Nicole Lennon: ‘Fast, Athletic, Emotional’
For her groundbreaking play during the first four weeks of the season, junior outside hitter Nicole Lennon has been named Conference USA Offensive Player of the Week four times. No other player in Rice history has earned that award four times in an entire season. According to Lennon, staking her claim in Owls history creates an evolving challenge.
“I have been very fortunate to have earned accolades throughout my volleyball career in recognition of the hard work I’ve put in during both practice and competition,” Lennon said. “To know that my constant training is paying off ... makes me feel really happy and appreciated. Overall, though, the best thing about earning awards for my performance is that they motivate me to beat my own personal best.”
Last season, Lennon earned C-USA Player of the Year. Lennon entered this year ranked No. 3 in Rice history in kills per set (3.76), but she is on pace to climb the Owls’ leaderboard. Lennon ranks No. 8 nationally in kills per set (5.12) after Rice’s 11-1 start to the season, and has helped the Owls to their first top-25 ranking (No. 22 in the American Volleyball Coaches Association poll) in team history.
Lennon said her athleticism provides an advantage when she attempts to kill the ball.
“The words I would use to describe my play style are fast, athletic and emotional,” Lennon said. “Something that gives me, and my teammates, an edge over our competitors is our ‘fast arms,’ which means we follow through on our swings so fast that the opposing team has trouble defending them.”
When it comes to challenging her opponents on the court, Lennon said adrenaline fuels her game.
“Something that I think separates me from a lot of volleyball players is the emotional aspect of my play style,” Lennon said. “Each play of the game affects my emotions a lot … I am able to use my anger, excitement, sadness, joy and pride all to my advantage. Channeling my emotions into every play makes it really easy for me to get pumped up, and to pump up my teammates in the process.”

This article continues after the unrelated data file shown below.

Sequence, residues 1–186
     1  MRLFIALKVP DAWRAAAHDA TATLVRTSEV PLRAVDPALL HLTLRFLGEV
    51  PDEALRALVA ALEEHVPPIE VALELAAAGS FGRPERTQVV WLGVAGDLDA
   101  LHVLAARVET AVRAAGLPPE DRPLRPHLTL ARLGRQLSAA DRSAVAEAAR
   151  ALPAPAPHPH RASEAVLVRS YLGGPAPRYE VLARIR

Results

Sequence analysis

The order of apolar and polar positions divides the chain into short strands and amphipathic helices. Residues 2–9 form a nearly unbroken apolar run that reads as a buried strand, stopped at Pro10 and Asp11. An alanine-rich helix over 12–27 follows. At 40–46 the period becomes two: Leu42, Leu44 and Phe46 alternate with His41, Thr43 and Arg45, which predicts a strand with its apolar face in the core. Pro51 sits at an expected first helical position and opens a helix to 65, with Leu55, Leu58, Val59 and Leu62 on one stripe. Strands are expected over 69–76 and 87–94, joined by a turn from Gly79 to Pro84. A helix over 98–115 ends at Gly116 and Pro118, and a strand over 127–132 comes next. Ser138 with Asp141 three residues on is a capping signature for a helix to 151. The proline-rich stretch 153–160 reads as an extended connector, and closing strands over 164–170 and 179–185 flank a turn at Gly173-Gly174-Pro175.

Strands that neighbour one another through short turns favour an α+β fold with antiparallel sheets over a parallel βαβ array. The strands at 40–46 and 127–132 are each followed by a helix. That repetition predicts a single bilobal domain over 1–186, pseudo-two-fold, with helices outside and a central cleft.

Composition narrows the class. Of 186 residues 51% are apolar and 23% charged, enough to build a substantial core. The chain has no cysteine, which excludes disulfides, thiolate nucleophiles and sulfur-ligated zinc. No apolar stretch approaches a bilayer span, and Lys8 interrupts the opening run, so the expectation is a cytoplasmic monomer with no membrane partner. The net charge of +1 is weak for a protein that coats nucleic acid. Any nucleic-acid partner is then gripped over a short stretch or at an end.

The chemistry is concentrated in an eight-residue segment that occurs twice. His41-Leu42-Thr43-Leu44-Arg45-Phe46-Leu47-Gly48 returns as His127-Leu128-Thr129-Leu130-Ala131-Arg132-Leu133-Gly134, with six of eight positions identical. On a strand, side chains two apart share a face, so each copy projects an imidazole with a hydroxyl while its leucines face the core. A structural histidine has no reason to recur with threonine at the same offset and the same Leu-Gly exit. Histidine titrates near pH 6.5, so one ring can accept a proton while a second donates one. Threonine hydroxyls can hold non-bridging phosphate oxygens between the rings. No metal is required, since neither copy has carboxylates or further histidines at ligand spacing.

Off the court, Lennon said she sometimes struggles to balance academics with athletics, due to Rice’s rigorous practice and game schedule.
“I think what a lot of non-athlete students don’t know is actually how much commitment our sport requires,” Lennon said. “We usually have at least two hours of practice a day, and that is not including at least two more hours of treatments, lifting, film-watching and more. During season, we are on the road four days or more of every two weeks. I have no time to squeeze in any extracurriculars, if I want to sleep.”
Lennon is currently pursuing a double major in economics and psychology, and said she aspires to earn a doctorate in clinical psychology.
“I have never wanted to be a professional volleyball player,” Lennon said. “While I really love the sport, I think my calling in life is to help people. I plan to … become a clinical psychologist so I can help make people happier.”
According to Lennon, good study habits are helpful both on and off the court.
“I look a lot at statistics, because I’m a nerd like that, so I am always trying to improve my kills per set, digs per set, aces, blocks and more,” Lennon said. “Overall, I want to achieve these things so I can make things easier for my team to achieve our goals as a whole, like winning [C-USA].”
As she moves into the last half of her career as an Owl, Lennon said she appreciates her classmates’ support.
“Even though I don’t have a lot of time to socialize on campus, it is reassuring to me to know that I have people at Rice and in my college — Baker Comes First! — to help me out if I need it,” Lennon said. “I am very fortunate to go to a school with such supportive people, especially when those supportive people show up at our games.”
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